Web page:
Contrasting trends in French imports and exports

Pork exports from France fell marginally between January and September this year compared with the previous year. This was largely a consequence of lower production for the year so far. At 352,500 tonnes, exports were 4% below 2011 levels. Over three quarters of the exports were destined for the EU market and these shipments fell by 2%. Italy maintained its position as the primary market, while shipments to the UK recorded a 3% decline year on year. There was a substantial increase in exports to Spain, given lower production there, while purchases of French pork by non-EU markets came up by 5% on the year. The third quarter figures portrayed a more positive picture, whereby significantly higher import demand from Russia meant that overall exports increased by 3% on the year.

In contrast to the export market, at 273,300 tonnes, French pork imports strengthened by 3% compared with the nine month period in 2012. Spain is by far the largest supplier to France and imports from the country were up by 2%. Germany, Belgium and the Netherlands also increased volumes but Danish supplies were lower. The overall import position was similar for the July to September period but German supplies came down by 8% on the year. Given that the fall in production was compensated by lower exports, increased imports may indicate some recovery of consumer demand on the French market.

Feed market update

The Nov-13 UK feed wheat futures price closed marginally higher over the week on Tuesday at £164/tonne. The Dec-13 Chicago maize futures price also increased over the week (by 2%) and closed on Tuesday at $170.18/t (£107.02). However, this is compared to the previous Tuesday’s close which was the lowest since August 2010. Although the US 2013/14 maize crop was revised higher than the September forecast in last week’s USDA report, it was below market expectations, with a reduction in harvest area partly offsetting higher yields. As forecasters continue to confirm a recovery in grain production for the 2013/14 season, there is the likelihood that prices will be on a downward trend, unless a drastic weather event threatens the South American or Australian crops.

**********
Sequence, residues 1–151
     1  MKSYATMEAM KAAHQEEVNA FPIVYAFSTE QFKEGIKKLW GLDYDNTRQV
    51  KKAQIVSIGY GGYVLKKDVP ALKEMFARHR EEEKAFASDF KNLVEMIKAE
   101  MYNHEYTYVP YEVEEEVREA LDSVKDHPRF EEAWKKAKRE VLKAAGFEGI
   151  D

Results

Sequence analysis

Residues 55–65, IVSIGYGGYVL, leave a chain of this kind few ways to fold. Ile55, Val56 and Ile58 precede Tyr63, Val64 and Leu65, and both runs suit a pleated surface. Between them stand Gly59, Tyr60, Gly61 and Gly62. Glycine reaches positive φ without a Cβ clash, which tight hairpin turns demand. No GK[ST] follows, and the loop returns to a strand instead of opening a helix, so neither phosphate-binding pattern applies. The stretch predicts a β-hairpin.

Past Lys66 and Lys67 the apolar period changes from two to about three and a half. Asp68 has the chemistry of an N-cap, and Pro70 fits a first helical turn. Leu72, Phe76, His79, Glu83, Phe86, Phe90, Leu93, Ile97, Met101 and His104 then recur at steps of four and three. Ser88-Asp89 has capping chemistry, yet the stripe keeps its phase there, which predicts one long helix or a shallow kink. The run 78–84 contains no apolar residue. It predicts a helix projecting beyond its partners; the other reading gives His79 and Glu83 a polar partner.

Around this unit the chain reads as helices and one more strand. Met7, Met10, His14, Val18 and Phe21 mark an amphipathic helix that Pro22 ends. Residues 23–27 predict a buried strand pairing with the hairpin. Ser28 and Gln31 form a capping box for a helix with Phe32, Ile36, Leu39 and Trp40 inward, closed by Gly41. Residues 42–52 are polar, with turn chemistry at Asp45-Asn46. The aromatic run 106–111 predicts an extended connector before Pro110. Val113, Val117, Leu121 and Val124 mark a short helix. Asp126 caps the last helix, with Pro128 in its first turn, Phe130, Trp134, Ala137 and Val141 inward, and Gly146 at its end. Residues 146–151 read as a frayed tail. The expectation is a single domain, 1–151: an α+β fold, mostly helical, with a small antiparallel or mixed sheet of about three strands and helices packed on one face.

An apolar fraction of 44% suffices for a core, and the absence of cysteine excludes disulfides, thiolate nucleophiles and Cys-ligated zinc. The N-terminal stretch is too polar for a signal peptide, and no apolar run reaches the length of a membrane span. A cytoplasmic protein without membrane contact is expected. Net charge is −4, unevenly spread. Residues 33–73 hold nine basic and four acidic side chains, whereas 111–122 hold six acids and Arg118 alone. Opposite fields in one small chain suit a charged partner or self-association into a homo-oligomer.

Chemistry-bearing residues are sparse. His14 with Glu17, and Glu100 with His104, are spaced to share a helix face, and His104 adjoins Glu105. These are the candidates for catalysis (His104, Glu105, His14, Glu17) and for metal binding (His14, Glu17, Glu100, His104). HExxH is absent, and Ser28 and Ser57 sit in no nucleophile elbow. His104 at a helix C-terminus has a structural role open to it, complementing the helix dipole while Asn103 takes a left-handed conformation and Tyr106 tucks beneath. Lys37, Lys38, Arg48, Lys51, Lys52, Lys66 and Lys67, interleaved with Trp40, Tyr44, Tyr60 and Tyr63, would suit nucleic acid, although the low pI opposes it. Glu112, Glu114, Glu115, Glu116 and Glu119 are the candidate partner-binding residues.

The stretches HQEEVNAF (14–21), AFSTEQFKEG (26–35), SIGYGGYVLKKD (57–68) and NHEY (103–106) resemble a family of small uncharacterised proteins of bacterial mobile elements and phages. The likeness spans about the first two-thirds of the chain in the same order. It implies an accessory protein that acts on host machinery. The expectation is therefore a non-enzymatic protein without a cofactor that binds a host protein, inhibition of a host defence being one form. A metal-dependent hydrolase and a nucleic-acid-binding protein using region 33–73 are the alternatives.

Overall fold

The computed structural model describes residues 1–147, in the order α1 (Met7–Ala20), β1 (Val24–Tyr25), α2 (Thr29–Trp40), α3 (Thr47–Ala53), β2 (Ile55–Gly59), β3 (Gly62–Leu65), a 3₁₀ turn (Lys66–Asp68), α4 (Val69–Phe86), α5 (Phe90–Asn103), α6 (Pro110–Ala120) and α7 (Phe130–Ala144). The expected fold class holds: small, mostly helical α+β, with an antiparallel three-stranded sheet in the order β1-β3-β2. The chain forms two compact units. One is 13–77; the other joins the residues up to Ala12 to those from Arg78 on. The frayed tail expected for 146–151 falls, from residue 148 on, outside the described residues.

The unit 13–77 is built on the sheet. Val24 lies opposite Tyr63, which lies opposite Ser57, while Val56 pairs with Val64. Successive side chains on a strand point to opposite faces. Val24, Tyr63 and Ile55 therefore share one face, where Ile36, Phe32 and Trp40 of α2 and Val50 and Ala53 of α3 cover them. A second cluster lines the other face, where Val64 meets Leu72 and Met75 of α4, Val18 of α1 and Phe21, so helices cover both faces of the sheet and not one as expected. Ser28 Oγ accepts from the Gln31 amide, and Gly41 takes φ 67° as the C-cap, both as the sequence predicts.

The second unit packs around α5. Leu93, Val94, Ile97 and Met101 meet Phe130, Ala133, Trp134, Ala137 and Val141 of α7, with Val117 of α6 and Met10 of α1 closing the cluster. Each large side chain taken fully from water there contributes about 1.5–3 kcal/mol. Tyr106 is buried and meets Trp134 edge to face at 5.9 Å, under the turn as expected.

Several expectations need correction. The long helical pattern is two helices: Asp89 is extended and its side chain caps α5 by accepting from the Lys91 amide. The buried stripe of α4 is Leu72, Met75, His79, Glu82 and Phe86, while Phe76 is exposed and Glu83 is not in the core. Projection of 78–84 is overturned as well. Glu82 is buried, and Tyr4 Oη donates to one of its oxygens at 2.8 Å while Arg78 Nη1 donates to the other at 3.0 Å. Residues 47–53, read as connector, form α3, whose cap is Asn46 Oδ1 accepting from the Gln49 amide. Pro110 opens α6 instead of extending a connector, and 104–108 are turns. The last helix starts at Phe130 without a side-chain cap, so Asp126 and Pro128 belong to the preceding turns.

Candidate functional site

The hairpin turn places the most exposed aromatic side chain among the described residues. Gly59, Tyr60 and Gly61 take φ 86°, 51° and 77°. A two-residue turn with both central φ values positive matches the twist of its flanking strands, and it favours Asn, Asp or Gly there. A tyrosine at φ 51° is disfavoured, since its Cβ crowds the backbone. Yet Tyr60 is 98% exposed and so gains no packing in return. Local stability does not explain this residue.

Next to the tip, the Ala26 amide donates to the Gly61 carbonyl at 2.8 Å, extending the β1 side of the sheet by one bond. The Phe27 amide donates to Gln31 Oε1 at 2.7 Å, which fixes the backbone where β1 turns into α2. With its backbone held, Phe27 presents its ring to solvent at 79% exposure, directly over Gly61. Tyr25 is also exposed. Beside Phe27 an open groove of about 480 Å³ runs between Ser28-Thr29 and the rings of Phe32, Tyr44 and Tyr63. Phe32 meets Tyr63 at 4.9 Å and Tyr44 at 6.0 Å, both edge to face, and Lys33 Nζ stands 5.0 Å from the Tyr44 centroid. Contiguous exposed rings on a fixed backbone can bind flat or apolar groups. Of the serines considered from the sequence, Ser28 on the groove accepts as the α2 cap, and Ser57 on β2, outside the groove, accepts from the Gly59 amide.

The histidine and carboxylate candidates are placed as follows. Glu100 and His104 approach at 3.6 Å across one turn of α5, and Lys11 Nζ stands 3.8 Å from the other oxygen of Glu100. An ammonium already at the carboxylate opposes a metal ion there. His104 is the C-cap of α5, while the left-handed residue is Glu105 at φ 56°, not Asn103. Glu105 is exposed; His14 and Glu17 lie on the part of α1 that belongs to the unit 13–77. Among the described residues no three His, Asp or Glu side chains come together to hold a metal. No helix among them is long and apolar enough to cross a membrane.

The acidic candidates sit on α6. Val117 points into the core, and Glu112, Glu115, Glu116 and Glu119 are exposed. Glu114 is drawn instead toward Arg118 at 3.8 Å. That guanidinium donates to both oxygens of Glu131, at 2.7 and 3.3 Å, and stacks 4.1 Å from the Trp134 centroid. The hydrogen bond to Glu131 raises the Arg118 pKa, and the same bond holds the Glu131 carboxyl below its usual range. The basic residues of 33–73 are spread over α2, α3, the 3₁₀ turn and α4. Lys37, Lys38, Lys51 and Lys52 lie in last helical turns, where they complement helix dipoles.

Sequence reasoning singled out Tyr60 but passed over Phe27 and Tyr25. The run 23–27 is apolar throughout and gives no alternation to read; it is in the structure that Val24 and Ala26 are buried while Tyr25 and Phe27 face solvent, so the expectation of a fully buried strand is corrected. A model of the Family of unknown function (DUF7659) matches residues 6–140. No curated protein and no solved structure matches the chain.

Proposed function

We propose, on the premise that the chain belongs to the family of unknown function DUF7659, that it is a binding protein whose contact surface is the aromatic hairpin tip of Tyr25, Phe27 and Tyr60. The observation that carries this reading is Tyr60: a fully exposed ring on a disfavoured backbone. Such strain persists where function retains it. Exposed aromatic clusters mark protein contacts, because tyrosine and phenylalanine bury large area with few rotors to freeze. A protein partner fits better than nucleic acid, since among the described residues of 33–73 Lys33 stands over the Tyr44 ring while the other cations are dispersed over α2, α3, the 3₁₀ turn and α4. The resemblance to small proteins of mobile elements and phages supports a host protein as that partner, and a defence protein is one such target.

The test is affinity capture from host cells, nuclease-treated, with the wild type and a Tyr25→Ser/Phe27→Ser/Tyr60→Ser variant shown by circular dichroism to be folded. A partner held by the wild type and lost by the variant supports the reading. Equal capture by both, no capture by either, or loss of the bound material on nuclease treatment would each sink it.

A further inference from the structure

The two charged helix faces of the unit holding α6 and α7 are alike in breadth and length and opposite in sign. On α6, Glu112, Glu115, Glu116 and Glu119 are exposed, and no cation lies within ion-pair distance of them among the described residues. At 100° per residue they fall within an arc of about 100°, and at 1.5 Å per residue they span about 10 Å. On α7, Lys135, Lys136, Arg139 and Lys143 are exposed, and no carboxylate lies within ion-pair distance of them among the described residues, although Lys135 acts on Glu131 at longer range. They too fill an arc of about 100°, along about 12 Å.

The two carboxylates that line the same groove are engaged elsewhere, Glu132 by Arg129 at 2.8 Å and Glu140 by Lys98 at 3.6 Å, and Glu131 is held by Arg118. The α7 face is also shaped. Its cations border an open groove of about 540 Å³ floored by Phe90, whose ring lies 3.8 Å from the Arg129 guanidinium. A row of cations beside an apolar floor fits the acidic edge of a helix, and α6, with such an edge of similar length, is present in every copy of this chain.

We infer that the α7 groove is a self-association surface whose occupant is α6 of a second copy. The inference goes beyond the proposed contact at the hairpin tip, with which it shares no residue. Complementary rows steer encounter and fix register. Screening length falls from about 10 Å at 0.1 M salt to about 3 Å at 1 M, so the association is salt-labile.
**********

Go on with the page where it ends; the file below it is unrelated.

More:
The Dec-13 Chicago soyameal futures price closed at $471.46/t on Tuesday, a considerable increase on $432.98/t a week before. In the UK, the Hi pro soyameal (Ex-store, East Coast) price for November delivery was £362/t as at 8 November, down by £13 on the previous week but the latest price was reported as ‘After Safe Arrival’. The rapemeal (Ex-mill Erith) price for November delivery also declined over the week by £4 to £202/t, as at 8 November.

To read more about the latest developments in the feed market, click here.

Producer share of retail price edges up in October

The average farmgate pig price in October reached a record 171.9p per kg, up almost 2p per kg on a month earlier. In contrast, the average retail price during the same month fell marginally. As a result, the producer share increased from September, to stand at over 43%. This was an increment of almost 2% compared with the same period in 2012 and represented the highest producer share since the mid-1990s. The average bacon retail price for October is not yet available but the producer share in September stood at 38%. This was 1% up on the same month last year.

The month on month change in retail pork cut prices recorded a few decreases, as the boneless leg price fell by 2% while loin steaks and loin chops were both down by 1%. Boneless shoulder and minced pork increased by 3% and 2% respectively, while fillet end leg and fillet of pork increased by 1% on the previous month. Retail pork prices were generally higher when compared with October 2012. On average prices were 4% above the previous year’s level. The largest year on year increment was recorded for boneless shoulder (up 8%), followed by a 7% rise for diced pork. Fillet of pork and loin chops increased by 5% and boneless leg and minced pork came up by 4%. There were smaller increases for other cuts, which included fillet end leg, loin chops and traditional pork sausages.

Compound pig feed production still lower

According to latest figures from Defra, third quarter production of compound pig feed was 2% lower than in the same period last year, the second straight quarterly drop. However, at 417,000 tonnes, production was a little higher than in the second quarter of this year. Breeding pig feed output was lower on the year for the third successive quarter, falling by 6%. Production of finisher feed was also down on a year earlier, as was starter/creep feed but the amount of grower feed produced was 1% higher. The lower volumes suggest that the impact of last autumn’s decline in the breeding herd is still being felt and there are no clear signs of recovery.

Overall production of compound animal feed remained higher than last year, with a 2% increase overall and 4% rises for both poultry and sheep feed. As expected, use of oats and maize in animal feed was much higher than a year earlier, up 26% and 40% respectively. Use of barley was only slightly higher than last year, although by September volumes were well up. The amount of wheat used was also a little higher than a year before, while cereals by-products were up 7%. Use of most oilseed meals/cakes was lower than last year, although only marginally so for rape meal/cake.